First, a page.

Catch Up Literacy
This page covers the first (efficacy) trial of Catch Up® Literacy, which tested whether it could work in schools under best possible conditions. To read about the second (effectiveness) trial - testing a scalable model under everyday conditions in a large number of schools - click here.
Catch Up Literacy© is a one to one intervention for learners who are struggling to learn to read. It is delivered by Teaching Assistants and consists of two 15-minute sessions per week.
A structured one-to-one literacy intervention for pupils struggling to read
Staff deployment & development
Language and literacy
There is evidence that Teaching Assistants are more likely to have a positive impact when delivering structured interventions than as general classroom support. The EEF funded Catch Up® Literacy because it is a structured intervention that is widely used in schools.
EEF tested whether the programme could have a positive impact on readers during the transition between primary and secondary school. The programme was delivered by its original developers and the pupils involved made two months additional progress in comparison to pupils receiving standard provision. There was also a positive impact on pupils’ enjoyment of writing and the job satisfaction of teaching assistants.
Based on this, the EEF then evaluated a revised model of the programme, which was designed to be delivered to a larger number of schools at the same time, and which was aimed at pupils in years 4 and 5, rather than pupils moving from primary to secondary school. This second study found no evidence that Catch Up® Literacy had an impact on pupils’ reading comprehension outcomes when compared to ‘business as usual’ teaching assistant support. The less promising result may be due to the changes introduced to programme after the first evaluation.
There is mixed evidence across the two trials of Catch Up Literacy. Due to the lack of impact in the second trial, the EEF will be removing Catch Up Literacy from the list of promising projects. There remains strong evidence that one to one tuition is an effective way of improving literacy attainment, and the EEF continues to be interested in TA-led structured interventions.
The pupils that received Catch Up Literacy made more progress than pupils that did not. However, this difference was not statistically significant so we cannot be confident that it was not due to chance.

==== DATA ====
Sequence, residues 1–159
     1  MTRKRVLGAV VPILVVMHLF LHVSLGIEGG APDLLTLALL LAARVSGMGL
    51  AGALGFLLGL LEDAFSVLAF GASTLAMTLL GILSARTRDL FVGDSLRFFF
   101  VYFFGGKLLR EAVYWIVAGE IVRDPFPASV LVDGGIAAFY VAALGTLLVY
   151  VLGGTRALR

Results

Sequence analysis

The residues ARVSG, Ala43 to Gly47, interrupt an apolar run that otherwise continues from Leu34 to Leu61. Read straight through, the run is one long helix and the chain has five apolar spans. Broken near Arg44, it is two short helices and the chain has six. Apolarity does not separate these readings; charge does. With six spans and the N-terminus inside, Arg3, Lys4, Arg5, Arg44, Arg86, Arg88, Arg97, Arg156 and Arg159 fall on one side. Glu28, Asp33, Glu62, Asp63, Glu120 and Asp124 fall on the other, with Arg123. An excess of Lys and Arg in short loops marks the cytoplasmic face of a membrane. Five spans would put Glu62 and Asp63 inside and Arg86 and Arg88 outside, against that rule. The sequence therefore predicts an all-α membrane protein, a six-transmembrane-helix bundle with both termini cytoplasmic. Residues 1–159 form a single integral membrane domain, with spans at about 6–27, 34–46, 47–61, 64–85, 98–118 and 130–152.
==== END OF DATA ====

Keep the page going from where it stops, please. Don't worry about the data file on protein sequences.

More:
Catch Up Literacy did have a statistically significant impact on pupils’ attitudes to school, self-assessed ability in reading, and their confidence in and enjoyment of writing.
Schools should ensure that Catch Up Literacy sessions are located in a private and quiet location, and that teaching assistants are given adequate time to prepare before each lesson.
Teaching assistants reported a number of benefits for their own professional development. These include increases in confidence, knowledge of literacy support and overall job satisfaction.
Future research could test the impact of Catch Up Literacy against an “active” control group that receives the same amount of one-to-one tuition as the pupils who receive Catch Up Literacy.
Full project description
Catch Up® Literacy is a structured one-to-one literacy intervention for pupils between the ages of 6 and 14 who are struggling to learn to read. It teaches pupils to blend phonemes (combine letter sounds into words), segment phonemes (separate words into letter sounds), and memorise particular words so they can be understood without needing to use phonics strategies to decode them. The intervention matches books to pupils according to their reading ability, which pupils then read to a teaching assistant (TA), so is intended to also support the development of their comprehension skills.
In this evaluation, the intervention was delivered through two 15-minute sessions per week over 30 weeks at the transition from primary to secondary school, with a break for the summer holidays. Pupils were identified by their Year 6 teachers in their feeder primary schools as being struggling readers who were predicted to achieve below level 4b in reading. Each secondary school employed two part-time TAs to deliver the intervention in the last few weeks of Year 6 and after the pupils transitioned to secondary school. The TAs delivering Catch Up Literacy were supplied with detailed session plans and received three half-day training sessions led by Catch Up.
The study was funded by the Education Endowment Foundation as one of 23 projects focused on literacy catch-up at the primary-secondary transition.